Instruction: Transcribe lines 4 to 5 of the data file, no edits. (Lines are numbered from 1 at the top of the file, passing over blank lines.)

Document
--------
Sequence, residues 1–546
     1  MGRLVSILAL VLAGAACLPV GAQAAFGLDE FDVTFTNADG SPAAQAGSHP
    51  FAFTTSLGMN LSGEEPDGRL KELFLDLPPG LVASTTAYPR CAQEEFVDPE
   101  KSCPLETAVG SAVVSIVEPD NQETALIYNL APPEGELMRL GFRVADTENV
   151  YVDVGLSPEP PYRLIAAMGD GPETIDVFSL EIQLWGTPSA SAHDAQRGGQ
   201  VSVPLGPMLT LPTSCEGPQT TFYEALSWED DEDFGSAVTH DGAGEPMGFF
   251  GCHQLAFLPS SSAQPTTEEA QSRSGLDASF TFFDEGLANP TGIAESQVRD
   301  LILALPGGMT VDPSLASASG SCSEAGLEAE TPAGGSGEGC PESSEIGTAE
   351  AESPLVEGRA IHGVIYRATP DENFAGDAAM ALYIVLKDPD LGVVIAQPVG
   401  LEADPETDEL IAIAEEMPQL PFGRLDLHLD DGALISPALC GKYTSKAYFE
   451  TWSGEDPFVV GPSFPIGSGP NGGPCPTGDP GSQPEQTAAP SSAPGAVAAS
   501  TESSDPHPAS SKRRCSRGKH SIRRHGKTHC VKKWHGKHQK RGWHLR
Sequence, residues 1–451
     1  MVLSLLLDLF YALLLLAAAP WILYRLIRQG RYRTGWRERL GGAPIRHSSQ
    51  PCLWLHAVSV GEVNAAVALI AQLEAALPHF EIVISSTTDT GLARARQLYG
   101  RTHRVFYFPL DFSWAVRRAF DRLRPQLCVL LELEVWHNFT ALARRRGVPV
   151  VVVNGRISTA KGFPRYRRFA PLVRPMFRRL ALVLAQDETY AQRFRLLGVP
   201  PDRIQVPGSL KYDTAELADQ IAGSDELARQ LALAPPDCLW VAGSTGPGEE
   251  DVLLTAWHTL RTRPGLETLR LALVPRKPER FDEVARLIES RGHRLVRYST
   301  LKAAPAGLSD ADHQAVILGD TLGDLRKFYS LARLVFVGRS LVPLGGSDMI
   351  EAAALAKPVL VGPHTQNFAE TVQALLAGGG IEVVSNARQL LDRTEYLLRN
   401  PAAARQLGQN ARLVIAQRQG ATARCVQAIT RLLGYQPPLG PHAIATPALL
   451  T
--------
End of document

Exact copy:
   101  KSCPLETAVG SAVVSIVEPD NQETALIYNL APPEGELMRL GFRVADTENV
   151  YVDVGLSPEP PYRLIAAMGD GPETIDVFSL EIQLWGTPSA SAHDAQRGGQ